Harry learns some harsh lessons from Arctic adventure
Prince Harry knew the Arctic was a dangerous place.
That message rung loud and clear in his almost-frostbitten ears when he went on a 10-day Arctic journey in March.
The third in line to the throne was on the last day of his trip with the Walking With the Wounded crew – a small group of injured British soldiers who were making a 260-kilometre trip to the North Pole.
As the group stood near the top of the world, the group’s guide, Inge Solheim, noticed that the prince’s ears had turned white, a sure sign of impending frostbite.
“I was happily here chatting,” Harry said for an upcoming TV documentary on the journey. “And then Inge came over and said, ‘Your ears! Your ears!’ Apparently they went white quite quickly.”
The ears went back under cover and Harry was thus saved from a tragic twist to the trek that was meant to raise awareness for the miltary’s wounded from Afghanistan. The resulting TV doc is called “Harry’s Arctic Heroes” and is being aired later this month in Britain.
The prince trained with the nine-man group then spent several days on the journey that began at the Russian ice station Barneo. From there, he endured temperatures diving as low as minu 45C and hauled sleds across the frozen landscape that was anything but inviting.
The dangers were real, which is why Harry didn’t even let his grandmother, the Queen, know that he was going.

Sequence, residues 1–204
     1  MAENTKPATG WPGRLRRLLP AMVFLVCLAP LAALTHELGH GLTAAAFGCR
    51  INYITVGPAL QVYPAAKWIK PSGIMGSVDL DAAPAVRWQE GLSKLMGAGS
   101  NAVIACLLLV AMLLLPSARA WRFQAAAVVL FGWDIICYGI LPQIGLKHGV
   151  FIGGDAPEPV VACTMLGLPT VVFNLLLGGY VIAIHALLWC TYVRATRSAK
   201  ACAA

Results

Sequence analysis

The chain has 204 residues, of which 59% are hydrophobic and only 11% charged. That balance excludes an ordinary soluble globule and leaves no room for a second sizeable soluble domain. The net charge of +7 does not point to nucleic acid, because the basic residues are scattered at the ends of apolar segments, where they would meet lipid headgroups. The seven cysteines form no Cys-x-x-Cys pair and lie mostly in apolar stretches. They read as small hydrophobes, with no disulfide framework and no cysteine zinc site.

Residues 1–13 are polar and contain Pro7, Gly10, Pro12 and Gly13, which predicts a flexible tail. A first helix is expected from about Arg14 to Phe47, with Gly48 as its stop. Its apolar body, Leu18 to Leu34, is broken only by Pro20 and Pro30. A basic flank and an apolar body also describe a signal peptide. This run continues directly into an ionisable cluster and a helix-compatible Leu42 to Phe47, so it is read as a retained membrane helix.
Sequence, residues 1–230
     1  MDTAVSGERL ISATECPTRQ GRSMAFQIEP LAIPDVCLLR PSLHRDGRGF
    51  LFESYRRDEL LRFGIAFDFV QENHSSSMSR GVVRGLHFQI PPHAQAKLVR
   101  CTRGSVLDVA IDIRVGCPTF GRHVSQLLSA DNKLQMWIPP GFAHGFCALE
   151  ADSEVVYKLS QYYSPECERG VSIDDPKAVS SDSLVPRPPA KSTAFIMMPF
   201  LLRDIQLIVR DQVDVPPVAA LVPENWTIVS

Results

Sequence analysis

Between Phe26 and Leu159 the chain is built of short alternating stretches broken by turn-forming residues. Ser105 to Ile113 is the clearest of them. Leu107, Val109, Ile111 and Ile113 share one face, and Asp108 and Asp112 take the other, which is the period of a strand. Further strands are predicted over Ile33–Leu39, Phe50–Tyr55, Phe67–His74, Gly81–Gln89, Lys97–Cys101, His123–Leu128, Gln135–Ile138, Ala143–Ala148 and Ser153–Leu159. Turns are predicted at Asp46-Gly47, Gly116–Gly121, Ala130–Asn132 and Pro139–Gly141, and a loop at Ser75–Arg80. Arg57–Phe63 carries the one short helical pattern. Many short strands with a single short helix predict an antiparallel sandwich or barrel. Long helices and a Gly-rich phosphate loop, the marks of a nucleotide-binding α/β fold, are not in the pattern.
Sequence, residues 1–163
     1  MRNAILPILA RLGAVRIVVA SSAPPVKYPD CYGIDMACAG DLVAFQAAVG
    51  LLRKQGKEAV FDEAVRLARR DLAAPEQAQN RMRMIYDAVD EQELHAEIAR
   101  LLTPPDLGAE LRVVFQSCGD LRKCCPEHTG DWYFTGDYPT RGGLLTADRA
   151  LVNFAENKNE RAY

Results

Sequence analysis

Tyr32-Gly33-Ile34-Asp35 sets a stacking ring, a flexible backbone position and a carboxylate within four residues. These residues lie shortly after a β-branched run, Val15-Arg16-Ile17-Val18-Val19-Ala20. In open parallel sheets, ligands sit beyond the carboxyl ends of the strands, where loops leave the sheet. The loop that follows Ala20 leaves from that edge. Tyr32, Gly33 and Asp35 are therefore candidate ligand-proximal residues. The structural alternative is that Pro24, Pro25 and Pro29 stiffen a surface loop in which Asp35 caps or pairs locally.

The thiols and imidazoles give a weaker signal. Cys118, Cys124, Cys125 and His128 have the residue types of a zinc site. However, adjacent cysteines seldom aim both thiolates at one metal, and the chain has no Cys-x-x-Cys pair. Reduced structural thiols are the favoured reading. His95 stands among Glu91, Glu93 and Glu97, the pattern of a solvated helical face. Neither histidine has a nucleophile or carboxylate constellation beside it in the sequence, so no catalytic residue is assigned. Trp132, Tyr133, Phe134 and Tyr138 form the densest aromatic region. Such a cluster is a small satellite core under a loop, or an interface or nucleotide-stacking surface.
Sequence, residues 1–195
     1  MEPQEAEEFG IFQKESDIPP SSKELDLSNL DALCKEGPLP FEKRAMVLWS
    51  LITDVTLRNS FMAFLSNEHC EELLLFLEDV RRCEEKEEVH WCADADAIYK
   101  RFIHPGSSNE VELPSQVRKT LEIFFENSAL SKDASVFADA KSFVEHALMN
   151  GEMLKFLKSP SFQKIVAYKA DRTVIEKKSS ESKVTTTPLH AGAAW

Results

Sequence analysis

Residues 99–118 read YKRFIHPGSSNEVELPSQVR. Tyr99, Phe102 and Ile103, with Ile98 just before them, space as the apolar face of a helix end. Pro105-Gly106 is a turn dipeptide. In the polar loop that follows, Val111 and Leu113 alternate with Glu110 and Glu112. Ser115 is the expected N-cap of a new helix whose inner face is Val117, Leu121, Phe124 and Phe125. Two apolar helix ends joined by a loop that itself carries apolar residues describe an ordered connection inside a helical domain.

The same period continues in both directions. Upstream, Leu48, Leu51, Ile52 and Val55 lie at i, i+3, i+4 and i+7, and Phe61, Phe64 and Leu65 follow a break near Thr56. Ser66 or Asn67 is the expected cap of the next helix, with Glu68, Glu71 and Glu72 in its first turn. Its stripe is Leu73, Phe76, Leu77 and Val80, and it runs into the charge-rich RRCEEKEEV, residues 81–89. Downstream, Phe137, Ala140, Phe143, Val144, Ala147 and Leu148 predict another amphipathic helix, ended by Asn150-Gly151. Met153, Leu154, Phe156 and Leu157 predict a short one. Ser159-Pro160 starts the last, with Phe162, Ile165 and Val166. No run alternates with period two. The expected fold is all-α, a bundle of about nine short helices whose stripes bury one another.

“My father (Prince Charles) obviously knew I was coming out here and so did my brother, but I kind of kept it quiet,” he said. “I don't know why it happened - so my grandparents and the rest of my family probably just found out about it and they probably think I'm completely mad. It's probably right."
Charles was especially concerned for his son.
"My father was very nervous because of the lack of training that I've done and quite rightly so,” said Harry. “He's got a lot of friends who have done this, he's got professional opinions that no doubt would have advised him saying 'do not let your son go'."
Harry spent the first several days on the journey with the group before returning to civilization, where he had to prepare for his brother’s wedding and get back to his other military commitments as a helicopter pilot. The rest of the group finished their trip to the Pole in 12 days.
The documentary gives some insight into Harry’s life, and his obvious affection for the military.
“"I think I have three different lives - one's my military life, one's my private life and one's the sort of public stuff,” he said. "But, you know, me as a military man is probably my number one favourite because you get to some time with people like this -- it is very special."